Financial Planning for Families with Special Needs Children
Financial planning for families with special needs children and those with different abilities does not always follow the traditional path of: raise child, save for college, pay for college, launch child to adulthood and retire. Retirement plans for parents with children who are not able to live independently or require specialized care, may look very different than “travel and golf.”
Planning For Today
Many of these families experience additional expenses during childhood with doctors, specialists and possibly schooling. Some families also choose for one parent to stay at home to provide full-time care or be the master of carpool for all the appointments.
At this stage families should do annual research on health plans to determine what may be the best fit for your family. This is not a “select and forget it” type of decision. Doctors, co-pays and limits change annually, and keeping track of medical expenses and reimbursements can be a full-time position.
It is recommended that all families have Wills that indicate who will provide care for your children and what should be done with assets. This is especially important for families with special needs children. It is a good idea to review all designated beneficiary accounts, such as 401(k), on a regular basis and update as needed. Additionally, communicating “the plan” to your extended family is important for all children, but especially those who do not accept change easily.
Planning For Tomorrow
As parents better understand their child’s needs, they are better able to determine what type of living arrangement will be appropriate for their adult child with different abilities.
- Can my child live independently?
- Are their options in my area for supported living?
- Does the child have to live with me? What about as I age?
Each assessment will help facilitate a different financial plan for the family. If the child is not able to live independently, what other options are available? What type of support is provided by my County or State? How will the other siblings (if any) support the child after parents are no longer able to provide care?
Many of these decisions are determined by the degree of your child’s independence and health. Additionally, if an adult child does not have capacity to make decisions for themselves, guardianship should be considered so the parent or other siblings can make those decisions.
Some resources are available for families, dependent on each individual situation. Social Security Disability Insurance and Supplement Security Income may apply. Many families consider insurance planning to provide funds to continue to pay for care beyond their passing. Estate structures can be implemented to allow for guardianship; trusts and assets to be maintained for the child’s benefit.
Speaking with a financial advisor to share and plan for your personal situation is always best. A few ideas to begin the discussion with an advisor include:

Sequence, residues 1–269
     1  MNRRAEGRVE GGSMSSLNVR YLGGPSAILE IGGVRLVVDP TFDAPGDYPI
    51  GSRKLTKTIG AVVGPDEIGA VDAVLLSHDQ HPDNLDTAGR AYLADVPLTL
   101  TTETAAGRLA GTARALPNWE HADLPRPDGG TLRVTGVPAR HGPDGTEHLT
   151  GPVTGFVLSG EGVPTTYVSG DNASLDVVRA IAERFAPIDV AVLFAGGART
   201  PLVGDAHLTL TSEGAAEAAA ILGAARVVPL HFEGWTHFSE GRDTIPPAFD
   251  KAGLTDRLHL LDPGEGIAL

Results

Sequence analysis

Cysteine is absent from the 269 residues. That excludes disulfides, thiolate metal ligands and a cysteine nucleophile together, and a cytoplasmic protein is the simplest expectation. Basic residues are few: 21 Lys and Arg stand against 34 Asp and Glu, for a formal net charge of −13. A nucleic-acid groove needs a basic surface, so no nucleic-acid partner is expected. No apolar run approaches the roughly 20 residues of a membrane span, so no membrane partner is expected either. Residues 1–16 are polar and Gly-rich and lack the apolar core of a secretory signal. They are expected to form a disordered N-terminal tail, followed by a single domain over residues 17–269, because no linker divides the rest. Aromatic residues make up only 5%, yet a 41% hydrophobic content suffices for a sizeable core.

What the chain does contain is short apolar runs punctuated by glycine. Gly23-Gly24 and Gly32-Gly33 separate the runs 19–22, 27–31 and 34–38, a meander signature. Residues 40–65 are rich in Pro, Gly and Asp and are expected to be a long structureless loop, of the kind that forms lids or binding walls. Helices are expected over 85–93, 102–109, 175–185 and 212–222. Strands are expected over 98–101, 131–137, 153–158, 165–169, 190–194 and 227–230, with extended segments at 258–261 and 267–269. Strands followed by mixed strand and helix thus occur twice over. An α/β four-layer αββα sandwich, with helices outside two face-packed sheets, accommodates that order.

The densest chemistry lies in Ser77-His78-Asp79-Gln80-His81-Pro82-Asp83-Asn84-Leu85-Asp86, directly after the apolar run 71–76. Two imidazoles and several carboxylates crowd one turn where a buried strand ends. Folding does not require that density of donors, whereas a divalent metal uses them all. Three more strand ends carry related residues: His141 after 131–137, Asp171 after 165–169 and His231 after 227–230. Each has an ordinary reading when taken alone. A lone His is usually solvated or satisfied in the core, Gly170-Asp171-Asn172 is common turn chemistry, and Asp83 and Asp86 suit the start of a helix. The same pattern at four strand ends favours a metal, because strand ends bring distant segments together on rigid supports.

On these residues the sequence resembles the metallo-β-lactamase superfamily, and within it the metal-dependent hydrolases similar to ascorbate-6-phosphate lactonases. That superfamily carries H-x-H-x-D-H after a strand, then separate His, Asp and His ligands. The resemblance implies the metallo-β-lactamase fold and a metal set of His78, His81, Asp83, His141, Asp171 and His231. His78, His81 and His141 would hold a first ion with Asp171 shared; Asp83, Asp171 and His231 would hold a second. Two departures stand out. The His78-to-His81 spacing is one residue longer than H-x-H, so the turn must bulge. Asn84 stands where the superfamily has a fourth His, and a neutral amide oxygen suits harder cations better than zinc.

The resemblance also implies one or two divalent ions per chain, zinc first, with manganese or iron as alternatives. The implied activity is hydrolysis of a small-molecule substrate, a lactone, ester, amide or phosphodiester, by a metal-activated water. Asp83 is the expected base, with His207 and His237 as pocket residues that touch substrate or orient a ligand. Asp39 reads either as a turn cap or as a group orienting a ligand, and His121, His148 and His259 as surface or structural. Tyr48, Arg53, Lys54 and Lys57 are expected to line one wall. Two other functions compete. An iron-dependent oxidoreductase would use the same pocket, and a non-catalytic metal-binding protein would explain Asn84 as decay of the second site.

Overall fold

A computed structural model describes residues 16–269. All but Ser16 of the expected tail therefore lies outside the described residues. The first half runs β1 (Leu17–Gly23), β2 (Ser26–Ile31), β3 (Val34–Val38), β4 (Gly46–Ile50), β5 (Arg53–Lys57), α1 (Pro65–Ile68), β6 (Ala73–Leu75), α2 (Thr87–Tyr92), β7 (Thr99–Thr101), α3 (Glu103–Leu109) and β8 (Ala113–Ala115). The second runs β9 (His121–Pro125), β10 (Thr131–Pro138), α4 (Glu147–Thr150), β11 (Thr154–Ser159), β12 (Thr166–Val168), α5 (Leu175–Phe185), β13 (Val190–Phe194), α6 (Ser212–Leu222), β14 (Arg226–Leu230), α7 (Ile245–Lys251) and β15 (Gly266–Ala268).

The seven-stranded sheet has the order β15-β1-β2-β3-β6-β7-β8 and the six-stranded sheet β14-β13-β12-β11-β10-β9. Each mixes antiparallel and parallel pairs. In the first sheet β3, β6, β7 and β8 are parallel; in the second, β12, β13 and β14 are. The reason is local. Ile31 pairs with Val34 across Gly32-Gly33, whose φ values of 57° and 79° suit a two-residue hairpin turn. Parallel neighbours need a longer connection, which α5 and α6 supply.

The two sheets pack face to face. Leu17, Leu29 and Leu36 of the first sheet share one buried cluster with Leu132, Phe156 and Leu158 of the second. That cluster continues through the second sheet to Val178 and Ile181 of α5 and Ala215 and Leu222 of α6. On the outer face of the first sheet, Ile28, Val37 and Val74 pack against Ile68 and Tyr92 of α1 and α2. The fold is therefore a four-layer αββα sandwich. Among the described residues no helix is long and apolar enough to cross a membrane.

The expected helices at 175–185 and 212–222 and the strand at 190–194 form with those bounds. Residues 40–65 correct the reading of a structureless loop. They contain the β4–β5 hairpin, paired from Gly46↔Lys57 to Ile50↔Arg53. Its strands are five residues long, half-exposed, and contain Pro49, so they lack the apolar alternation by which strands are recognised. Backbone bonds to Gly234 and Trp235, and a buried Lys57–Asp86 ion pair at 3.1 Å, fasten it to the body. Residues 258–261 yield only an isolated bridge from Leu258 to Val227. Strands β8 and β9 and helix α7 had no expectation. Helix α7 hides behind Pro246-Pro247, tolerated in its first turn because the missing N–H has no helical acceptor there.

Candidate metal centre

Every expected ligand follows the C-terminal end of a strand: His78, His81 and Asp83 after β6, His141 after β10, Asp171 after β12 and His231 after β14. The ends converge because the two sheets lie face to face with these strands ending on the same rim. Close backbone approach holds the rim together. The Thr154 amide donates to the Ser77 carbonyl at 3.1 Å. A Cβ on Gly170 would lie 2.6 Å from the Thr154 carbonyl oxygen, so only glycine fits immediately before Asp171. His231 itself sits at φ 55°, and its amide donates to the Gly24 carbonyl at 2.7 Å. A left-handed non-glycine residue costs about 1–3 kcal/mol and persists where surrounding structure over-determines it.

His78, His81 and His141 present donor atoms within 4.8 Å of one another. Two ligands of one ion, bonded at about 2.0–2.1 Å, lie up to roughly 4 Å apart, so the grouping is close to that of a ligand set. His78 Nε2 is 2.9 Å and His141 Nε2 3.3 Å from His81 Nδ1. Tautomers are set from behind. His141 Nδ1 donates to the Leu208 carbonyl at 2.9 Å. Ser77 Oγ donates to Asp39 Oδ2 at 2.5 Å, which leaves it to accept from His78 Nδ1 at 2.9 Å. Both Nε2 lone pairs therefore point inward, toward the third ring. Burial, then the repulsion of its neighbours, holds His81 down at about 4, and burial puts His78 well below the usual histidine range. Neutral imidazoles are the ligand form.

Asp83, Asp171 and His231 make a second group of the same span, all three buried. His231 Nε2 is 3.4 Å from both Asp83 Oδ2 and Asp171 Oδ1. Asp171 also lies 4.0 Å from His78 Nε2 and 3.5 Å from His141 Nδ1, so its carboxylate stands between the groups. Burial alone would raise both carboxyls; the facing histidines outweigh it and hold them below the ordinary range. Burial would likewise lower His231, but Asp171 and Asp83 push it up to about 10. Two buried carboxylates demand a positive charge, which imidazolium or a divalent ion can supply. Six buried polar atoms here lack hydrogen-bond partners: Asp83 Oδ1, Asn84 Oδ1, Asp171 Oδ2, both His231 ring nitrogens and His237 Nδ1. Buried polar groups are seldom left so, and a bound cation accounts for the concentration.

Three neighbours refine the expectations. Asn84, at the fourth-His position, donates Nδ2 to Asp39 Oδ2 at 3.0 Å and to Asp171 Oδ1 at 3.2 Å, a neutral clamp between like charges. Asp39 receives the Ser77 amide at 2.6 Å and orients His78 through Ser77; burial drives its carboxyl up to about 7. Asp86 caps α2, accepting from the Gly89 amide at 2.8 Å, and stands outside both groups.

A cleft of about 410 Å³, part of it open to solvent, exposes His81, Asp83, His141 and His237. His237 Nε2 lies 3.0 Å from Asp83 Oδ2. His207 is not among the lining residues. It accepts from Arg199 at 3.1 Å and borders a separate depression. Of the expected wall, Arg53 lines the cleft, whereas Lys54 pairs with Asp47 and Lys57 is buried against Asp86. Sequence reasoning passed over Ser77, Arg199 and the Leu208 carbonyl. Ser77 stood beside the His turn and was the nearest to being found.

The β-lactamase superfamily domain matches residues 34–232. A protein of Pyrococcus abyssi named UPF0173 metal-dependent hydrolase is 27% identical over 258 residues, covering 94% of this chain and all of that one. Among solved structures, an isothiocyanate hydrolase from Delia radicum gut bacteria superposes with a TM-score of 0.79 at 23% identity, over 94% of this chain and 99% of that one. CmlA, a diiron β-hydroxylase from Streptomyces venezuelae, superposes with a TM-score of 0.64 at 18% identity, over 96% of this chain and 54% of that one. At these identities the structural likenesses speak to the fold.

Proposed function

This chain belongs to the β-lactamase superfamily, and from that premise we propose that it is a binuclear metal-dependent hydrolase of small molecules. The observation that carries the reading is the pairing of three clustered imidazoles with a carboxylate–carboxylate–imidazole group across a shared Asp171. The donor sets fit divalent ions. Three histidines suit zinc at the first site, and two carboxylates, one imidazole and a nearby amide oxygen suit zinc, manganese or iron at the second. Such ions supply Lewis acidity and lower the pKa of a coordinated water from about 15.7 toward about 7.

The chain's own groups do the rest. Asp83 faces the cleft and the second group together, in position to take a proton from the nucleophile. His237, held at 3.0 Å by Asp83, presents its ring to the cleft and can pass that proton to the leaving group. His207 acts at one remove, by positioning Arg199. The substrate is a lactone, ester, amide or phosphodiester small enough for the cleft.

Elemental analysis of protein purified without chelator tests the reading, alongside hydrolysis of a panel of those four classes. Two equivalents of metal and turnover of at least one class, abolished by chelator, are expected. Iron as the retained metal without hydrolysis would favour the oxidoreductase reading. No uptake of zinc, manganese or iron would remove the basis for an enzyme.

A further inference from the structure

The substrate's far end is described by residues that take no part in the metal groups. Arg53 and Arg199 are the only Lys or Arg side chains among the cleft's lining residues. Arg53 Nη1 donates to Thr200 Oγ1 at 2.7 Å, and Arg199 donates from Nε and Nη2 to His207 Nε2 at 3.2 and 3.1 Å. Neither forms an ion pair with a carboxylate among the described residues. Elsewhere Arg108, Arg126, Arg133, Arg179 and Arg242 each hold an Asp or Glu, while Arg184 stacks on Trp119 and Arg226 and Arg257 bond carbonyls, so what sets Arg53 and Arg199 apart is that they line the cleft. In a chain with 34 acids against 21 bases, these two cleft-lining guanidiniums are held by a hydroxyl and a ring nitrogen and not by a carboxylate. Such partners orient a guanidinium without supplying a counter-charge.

- How will I pay for my own retirement?
- How can my child live as an adult?
- Can my child work? How does this impact monies received from government agencies?
- Who will take care of my child after my passing?
- What assets do I have, or can I create, to provide funding for the care of my child?
Each State has unique requirements and services. Working with a financial advisor and attorney in your area is important to understand the full range of services provided.
Views expressed are not necessarily those of Raymond James & Associates and are subject to change without notice. Information provided is general in nature and is not a complete statement of all information necessary for making an investment decision and is not a recommendation or a solicitation to buy or sell any security. Past performance is not indicative of future results. There is no assurance these trends will continue or that forecasts mentioned will occur. Investing always involves risk and you may incur a profit or loss. No investment strategy can guarantee success. Dollar cost averaging involves continuous investment regardless of fluctuating price levels of such securities. Investors should consider their financial ability to continue purchases through periods of low price levels. Diversification and dollar cost averaging do not assure a profit and or protect against loss. Links are being provided for information purposes only. Raymond James is not affiliated with and does not endorse, authorize or sponsor any of the listed web sites or their respective sponsors. Raymond James is not responsible for the content of any web site or the collection or use of information regarding any web site’s users and/or members. Article provided by Brandon Chase, First Vice President, Investments, 817-871-4614, 420 Throckmorton Street, Suite 830, Fort Worth, TX 76102, Raymond James & Associates, Inc., Member New York Stock Exchange/SIPC.
Other articles you may be interested in:
- Transitioning Levels of Healthcare for You or Your Loved Ones by Michele Orshal
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- Taking Care of Loved Ones When We’re Gone – An Introduction to Estate Planning by Jennifer Covington
- Adjusting Your Way to the New Normal by Lisa Lambert